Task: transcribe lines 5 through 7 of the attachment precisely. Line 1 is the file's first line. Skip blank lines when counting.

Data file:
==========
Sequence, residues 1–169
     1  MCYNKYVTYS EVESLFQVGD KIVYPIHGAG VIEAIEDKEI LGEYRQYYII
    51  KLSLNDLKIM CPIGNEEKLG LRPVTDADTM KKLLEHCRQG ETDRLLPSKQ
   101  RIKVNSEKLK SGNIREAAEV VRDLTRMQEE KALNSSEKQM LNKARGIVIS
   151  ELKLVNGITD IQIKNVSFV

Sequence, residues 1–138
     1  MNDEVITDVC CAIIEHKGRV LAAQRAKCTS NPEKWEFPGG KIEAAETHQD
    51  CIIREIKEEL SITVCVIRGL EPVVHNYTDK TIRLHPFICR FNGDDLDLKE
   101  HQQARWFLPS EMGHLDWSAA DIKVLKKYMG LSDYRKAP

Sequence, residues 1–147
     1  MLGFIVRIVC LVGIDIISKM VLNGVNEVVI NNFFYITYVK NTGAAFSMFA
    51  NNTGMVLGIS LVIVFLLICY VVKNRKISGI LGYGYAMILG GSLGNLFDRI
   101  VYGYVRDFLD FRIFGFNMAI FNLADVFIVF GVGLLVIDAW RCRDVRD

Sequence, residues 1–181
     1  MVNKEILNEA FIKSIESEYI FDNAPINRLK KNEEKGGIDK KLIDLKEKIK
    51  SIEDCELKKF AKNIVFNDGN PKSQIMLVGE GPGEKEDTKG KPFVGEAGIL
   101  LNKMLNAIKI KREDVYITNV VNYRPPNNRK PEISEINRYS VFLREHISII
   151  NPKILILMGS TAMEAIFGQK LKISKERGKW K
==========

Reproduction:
   151  ELKLVNGITD IQIKNVSFV

Sequence, residues 1–138
     1  MNDEVITDVC CAIIEHKGRV LAAQRAKCTS NPEKWEFPGG KIEAAETHQD